He takes them, gives a tight-lipped nod, and hurries past me towards the door. The rest of the tavern takes notice. Their eyes slide to where Alyss rests on the floor.
“I call th’ boots,” says a regular.
“Boots nothin’, check her purse!”
I leave them to argue, making my way to the bar where I slide the barkeep another stack of coins.
“Sorry ‘bout the bad business,” he says with sympathy.
I sigh, feeling the lightness of my pockets. “Truly, these are grave times for us all.”
I make my way outside into the small, cluttered square that passes for a market in this neighborhood. With my potential employer dead, there’s really nothing for me to do until I pick up word of another. So I take my time in the market, stopping for a quick word with several of the peddlers. As I move from table to table, I catch a flash of something brown at the edges of my perception. I notice it again when I stop walking. It seems I’ve picked up a footpad.
She isn’t subtle—she hides behind crates and skirts whenever I glance her way, ensuring that she sticks out like a fluttering bird. If she’s a pickpocket, she’s a very bad one.
I leave the market by way of a side alley. Perhaps she is nervous of being in a crowd.
This must be the case, because as soon as I move out of sight of the market she makes herself known, stepping into plain view.
The first things I notice, besides her dark hair and stubborn chin, are her clothes. A simple brown dress with shoes that buckle—hardly a noble’s raiment, yet painfully out of place in the Warrens.
“You should return to your family, little bird,” I say. “The Warrens aren’t safe for anyone, least of all those unaccustomed to them.”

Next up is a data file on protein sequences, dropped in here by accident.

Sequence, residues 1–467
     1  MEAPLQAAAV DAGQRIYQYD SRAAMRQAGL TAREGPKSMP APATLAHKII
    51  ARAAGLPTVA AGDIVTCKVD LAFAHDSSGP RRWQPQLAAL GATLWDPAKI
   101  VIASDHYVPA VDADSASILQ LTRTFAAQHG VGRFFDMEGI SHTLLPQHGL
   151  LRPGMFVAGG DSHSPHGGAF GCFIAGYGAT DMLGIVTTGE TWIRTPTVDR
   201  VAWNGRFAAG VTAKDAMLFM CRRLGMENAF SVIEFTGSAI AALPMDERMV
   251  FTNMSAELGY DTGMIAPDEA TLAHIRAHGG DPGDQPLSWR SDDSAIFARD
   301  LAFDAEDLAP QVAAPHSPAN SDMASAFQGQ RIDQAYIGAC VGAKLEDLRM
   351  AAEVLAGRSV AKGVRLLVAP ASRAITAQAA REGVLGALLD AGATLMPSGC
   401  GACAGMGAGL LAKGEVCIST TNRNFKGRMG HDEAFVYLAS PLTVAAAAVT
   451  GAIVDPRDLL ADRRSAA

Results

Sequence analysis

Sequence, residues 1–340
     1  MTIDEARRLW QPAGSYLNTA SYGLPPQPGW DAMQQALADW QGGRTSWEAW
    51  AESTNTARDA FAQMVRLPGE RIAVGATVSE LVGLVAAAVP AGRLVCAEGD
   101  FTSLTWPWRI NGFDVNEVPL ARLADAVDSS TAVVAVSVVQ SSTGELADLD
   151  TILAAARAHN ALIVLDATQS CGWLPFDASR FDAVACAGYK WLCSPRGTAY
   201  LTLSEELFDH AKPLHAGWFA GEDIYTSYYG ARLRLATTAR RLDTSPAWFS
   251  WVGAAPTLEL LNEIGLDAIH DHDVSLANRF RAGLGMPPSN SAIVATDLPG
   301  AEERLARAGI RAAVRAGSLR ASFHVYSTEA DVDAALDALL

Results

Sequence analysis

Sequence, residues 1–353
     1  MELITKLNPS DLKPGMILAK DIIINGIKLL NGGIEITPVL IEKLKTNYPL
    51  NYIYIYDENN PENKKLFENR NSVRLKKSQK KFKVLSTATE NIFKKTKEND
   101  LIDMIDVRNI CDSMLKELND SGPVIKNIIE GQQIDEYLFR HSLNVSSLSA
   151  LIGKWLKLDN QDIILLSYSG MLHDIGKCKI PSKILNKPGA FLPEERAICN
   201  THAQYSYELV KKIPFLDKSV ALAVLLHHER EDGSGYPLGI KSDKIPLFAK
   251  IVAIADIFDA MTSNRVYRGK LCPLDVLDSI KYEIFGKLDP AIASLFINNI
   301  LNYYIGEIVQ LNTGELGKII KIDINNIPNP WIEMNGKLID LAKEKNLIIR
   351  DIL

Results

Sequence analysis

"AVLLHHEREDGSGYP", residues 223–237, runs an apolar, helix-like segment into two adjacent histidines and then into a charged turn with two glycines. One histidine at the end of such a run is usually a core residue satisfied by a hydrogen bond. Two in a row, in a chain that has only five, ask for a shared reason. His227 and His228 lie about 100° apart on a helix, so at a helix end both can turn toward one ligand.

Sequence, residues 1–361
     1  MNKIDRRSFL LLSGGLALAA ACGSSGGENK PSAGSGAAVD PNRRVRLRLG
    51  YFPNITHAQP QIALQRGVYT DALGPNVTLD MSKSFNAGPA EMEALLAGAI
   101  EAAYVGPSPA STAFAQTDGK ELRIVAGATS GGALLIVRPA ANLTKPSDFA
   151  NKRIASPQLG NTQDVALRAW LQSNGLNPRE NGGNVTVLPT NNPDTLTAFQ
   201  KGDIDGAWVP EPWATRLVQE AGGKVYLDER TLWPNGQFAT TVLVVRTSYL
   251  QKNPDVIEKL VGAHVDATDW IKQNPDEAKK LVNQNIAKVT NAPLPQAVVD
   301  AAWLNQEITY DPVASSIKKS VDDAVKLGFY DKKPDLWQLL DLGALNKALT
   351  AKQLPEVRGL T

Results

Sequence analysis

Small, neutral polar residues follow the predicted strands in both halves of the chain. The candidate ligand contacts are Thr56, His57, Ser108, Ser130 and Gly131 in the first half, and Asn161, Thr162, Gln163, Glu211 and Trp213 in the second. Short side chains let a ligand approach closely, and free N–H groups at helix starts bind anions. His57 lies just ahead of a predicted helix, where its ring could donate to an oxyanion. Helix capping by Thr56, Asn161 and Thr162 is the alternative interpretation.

“Are you that killer?” she demands. Her cheeks and nose are red from the cold, blustery autumn day. She isn’t wearing a jacket.
I incline my head. “I’ve been called worse, certainly.”
“I got a job for you.” She thrusts a handful of coins at me.
A spark of irritation stirs in my chest; I don’t approve of anyone who sends a child to meet with an assassin. “Who is the job from?”
Her brow furrows. “It’s from me,” she says. “I’m hirin’ you.”
“And who do you want dead so badly that you’d risk the Warrens to find me?”
For the first time, her eyes drop from mine. “My uncle.”
A thorny suspicion settles around my mind. “Has your uncle hurt you?”
She hunches her shoulders ever so slightly. “You make a point of askin’ questions to all your customers?”
“Always. Information is vital in my line of work.”
I meet her glare coolly. A moment passes. Her lip starts to tremble. It might be the confirmation I’m looking for, or it could be the cold.
With a short sigh, I take off my jacket and kneel down. The girl regards me warily as I hold it out.
“Go on. Take it. There’s no use in you freezing.”
Slowly, she accepts the jacket. As soon as she feels how warm it is, she pulls it around herself like a blanket. It’s ridiculously large on her.
I smile. “What’s your name?”
Her eyes narrow. “If I tell you, you’ll use it against me.”
“I’m an assassin, not a faerie.”
She considers this and nods. “Lilla.”
“Well, Lilla, I’ll tell you this now: I don’t accept contracts from children. You’re too young to have the black mark of a murder on your soul.”
Tears form in her big brown eyes. “You got to,” she says. “He—When Papa leaves for work, he... And he’ll be so angry I left without telling him and—” She’s beginning to choke up. “Please,” she whispers. “I just don’t wanna be scared no more.” Once again, she holds out the coins.
I gently push her hand away. Before I can say anything, she sobs and hits me with her other fist.
But she’s already gone, running off through the market. I follow at a loping walk, taking one large step for each of her two. I let her get ahead, but never out of sight. Once, a man steps out of an alley and moves as if to take her arm, but when he sees me, sees my eyes, he pales and steps back into the shadows.